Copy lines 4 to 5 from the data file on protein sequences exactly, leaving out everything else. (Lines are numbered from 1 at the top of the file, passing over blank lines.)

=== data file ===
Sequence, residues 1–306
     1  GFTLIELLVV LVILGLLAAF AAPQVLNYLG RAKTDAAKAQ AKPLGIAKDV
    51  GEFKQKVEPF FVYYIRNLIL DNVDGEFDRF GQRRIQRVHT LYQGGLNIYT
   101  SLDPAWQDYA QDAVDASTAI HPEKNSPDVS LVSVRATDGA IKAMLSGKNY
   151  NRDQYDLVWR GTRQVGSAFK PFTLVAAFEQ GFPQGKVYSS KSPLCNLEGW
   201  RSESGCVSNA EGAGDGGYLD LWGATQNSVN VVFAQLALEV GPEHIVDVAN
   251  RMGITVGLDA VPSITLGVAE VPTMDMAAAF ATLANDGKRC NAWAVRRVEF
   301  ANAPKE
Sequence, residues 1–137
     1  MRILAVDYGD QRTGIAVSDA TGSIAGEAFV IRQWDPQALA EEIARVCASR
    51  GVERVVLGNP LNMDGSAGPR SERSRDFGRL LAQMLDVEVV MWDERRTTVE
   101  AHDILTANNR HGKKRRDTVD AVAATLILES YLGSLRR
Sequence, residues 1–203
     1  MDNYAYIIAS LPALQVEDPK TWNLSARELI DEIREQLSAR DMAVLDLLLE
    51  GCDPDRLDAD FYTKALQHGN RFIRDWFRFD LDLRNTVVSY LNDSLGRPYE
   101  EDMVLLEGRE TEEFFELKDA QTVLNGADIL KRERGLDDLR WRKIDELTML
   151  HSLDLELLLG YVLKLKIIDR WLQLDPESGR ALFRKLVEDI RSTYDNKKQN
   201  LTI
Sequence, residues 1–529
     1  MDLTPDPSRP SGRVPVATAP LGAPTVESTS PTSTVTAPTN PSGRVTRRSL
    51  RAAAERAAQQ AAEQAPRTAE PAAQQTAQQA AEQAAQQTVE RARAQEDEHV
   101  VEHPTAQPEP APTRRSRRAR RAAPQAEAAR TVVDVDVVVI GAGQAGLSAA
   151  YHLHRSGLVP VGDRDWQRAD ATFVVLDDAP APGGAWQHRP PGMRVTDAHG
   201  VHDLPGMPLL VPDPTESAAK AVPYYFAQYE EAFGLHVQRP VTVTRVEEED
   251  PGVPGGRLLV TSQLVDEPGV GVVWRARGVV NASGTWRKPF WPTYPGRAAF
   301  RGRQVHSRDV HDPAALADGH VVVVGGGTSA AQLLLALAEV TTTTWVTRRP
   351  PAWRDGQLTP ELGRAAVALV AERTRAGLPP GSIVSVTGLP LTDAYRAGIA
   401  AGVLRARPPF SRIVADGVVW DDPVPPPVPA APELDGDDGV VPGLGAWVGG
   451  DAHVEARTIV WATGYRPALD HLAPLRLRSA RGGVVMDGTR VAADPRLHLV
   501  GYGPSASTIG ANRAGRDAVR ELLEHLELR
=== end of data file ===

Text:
   101  SLDPAWQDYA QDAVDASTAI HPEKNSPDVS LVSVRATDGA IKAMLSGKNY
   151  NRDQYDLVWR GTRQVGSAFK PFTLVAAFEQ GFPQGKVYSS KSPLCNLEGW